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Card-linking vs Last Touch: Considerations for Building a Mobile Rewards Programs

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Over the last decade, consumers have become accustomed to getting rewarded in one way or another for simply making a purchase or completing an activity. 75% of HelloWorld survey respondents stated that they expect discounts when making a purchase. Whether this is through a credit card points system, a frequent flier airline miles program, a rewards app, or even your local coffee shop’s loyalty card, the industry has come a long way to support online and offline shopping. The quick rise of mobile commerce — expected to hit $3.6 trillion globally by 2021 — has proven to be a significant opportunity, but matching this experience for mobile commerce is a challenge.

Building Mobile Rewards Programs

While the mobile rewards industry is prospering, the way in which programs are built varies. Two of the most popular methods are card-linked rewards and last touch offers. This post will explore and analyse both of these program types to help unravel the benefits and disadvantages as you think about crafting or optimizing a mobile rewards program.

Card-linked Rewards

According to the Card Linx Association, card-linking enables consumers to receive a discount or loyalty benefit automatically when they pay with a payment card that has been digitally linked to an offer or loyalty benefit.

Card-linked offers are a popular starting place for companies launching rewards programs — especially if they are seeking to drive usage of a new debit or credit card. Firstly, they seem the simplest — after all the user doesn’t have to do anything but link their card once and they will earn rewards whenever they shop at a participating retailer. Secondly, the customer has to use that particular card to gain a reward. While this might initially appear to be a benefit to the program organiser, we have to consider the other side of the equation — brands.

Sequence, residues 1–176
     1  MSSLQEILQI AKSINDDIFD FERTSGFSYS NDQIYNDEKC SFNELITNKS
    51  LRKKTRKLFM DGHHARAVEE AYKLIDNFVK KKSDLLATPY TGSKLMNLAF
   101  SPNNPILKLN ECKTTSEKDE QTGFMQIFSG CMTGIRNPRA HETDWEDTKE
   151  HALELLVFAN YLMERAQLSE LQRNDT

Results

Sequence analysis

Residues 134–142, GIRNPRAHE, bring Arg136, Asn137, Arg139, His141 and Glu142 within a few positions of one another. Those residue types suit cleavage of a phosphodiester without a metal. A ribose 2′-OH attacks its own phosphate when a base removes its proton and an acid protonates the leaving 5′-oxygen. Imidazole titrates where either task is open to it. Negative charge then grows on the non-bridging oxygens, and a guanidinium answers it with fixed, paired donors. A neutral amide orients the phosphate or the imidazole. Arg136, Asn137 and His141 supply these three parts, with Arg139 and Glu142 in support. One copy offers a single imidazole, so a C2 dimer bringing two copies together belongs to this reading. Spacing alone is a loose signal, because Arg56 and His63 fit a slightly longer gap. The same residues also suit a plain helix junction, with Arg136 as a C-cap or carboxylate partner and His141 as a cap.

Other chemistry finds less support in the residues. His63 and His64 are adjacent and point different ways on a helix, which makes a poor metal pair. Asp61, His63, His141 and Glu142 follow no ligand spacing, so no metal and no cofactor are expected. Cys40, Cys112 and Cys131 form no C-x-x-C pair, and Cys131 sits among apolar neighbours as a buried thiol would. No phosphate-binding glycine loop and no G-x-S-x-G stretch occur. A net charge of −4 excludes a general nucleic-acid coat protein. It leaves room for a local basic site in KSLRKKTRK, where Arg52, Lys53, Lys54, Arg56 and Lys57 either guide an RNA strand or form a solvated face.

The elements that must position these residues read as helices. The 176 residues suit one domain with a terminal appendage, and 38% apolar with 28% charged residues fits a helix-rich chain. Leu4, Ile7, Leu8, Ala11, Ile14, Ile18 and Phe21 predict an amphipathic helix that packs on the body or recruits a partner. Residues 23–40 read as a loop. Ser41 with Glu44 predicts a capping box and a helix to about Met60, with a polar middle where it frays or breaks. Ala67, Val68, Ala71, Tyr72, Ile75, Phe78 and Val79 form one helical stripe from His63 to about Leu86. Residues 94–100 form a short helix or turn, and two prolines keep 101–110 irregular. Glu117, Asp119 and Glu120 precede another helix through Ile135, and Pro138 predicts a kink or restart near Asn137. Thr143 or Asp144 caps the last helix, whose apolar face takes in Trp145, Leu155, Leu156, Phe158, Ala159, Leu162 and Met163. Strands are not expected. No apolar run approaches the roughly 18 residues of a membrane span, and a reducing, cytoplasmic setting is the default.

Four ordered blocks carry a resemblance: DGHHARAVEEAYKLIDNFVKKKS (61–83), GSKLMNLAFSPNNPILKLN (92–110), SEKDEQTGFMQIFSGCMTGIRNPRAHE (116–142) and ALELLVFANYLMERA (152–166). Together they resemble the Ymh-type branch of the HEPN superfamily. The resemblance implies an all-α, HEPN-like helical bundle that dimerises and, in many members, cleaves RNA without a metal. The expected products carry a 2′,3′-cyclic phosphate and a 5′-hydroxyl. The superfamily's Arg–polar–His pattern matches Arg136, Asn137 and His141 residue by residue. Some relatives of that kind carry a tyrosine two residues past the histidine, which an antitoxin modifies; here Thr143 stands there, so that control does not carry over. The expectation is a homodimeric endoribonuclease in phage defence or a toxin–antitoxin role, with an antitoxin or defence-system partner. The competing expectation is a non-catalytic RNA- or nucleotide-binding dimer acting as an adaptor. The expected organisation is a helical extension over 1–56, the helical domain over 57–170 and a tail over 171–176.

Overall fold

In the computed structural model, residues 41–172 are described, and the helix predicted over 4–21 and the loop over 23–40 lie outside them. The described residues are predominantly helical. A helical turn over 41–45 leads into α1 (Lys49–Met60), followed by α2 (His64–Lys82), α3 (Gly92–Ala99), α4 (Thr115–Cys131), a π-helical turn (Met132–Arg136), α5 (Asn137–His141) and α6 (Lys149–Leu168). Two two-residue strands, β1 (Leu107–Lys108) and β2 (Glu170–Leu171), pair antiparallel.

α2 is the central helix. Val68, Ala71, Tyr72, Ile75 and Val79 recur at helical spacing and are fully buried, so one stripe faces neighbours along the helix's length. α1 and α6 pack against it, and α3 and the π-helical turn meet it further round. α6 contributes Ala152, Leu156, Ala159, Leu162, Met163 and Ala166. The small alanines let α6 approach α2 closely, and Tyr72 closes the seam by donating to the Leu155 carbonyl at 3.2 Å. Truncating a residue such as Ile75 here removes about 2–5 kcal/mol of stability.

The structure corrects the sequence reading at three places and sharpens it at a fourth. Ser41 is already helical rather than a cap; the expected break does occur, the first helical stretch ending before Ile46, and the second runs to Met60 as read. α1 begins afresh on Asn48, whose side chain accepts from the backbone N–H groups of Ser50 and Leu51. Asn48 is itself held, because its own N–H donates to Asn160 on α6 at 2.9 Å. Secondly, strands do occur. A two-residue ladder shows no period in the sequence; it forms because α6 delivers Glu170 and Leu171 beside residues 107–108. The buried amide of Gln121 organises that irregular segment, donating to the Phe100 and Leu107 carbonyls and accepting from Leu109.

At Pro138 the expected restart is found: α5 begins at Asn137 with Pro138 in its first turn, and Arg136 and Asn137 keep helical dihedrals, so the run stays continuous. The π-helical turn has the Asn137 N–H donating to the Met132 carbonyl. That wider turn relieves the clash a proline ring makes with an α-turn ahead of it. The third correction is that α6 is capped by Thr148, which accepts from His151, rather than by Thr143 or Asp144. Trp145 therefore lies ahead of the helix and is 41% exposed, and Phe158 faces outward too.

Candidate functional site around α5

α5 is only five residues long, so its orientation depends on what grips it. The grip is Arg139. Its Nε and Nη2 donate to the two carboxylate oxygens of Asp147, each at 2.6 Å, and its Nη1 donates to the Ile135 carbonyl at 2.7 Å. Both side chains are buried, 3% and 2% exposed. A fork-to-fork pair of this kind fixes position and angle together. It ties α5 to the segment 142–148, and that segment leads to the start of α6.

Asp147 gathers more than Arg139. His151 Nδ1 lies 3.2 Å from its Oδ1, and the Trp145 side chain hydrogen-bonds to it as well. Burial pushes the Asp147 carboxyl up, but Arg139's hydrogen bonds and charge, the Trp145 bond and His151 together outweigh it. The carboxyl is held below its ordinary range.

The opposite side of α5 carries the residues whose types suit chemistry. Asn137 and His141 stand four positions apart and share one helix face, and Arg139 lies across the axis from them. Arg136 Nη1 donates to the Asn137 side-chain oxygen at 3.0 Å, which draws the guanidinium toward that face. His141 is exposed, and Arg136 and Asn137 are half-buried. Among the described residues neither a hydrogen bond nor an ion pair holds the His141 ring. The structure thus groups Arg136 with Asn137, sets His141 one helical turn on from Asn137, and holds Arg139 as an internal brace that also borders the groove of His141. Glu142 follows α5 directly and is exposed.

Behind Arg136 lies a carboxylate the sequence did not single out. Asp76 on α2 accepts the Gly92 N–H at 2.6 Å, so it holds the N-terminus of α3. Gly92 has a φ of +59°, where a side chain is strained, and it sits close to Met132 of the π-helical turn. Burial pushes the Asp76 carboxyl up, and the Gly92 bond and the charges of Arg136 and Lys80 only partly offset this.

From the brand perspective, card-linking is a passive marketing channel where the user is not really thinking about the rewards they are getting from the program because savings happen automatically. This is sometimes referred to as ‘set it and forget it’ i.e. users choose the brands they want to earn rewards from and then no longer engage with said brand until they potentially notice they received a reward. There’s a strong chance the consumer would’ve purchased without this incentive, and brands recognize it. Today, many brands are measuring incrementality of their marketing efforts; it’s imperative to know that the money they’re spending is money well spent on purchases that wouldn’t have already happened.

Card-linked offers also do not provide brands with insight on the consumer’s purchase journey. There’s no data to show what triggered a purchase, where the user came from, or meaningful tactics to re-engage the user. There’s also no way of knowing whether this customer is new or existing — let alone doing any deeper forms of personalisation.

Offering rewards to customers also comes with its own set of inbuilt complexities. For example, what happens if a customer returns, exchanges, or changes the items they earned rewards on? If you’re using the card transaction data as the source of truth, you can put the transaction into a pending status for the return period, but that only applies to one transaction — not each item. So if a user returns one item from the order or decides to reduce their hotel stay by one night, it becomes challenging to ensure you’re awarding the customer the right amount without delving into multiple spreadsheets and accounting for a wide margin of error.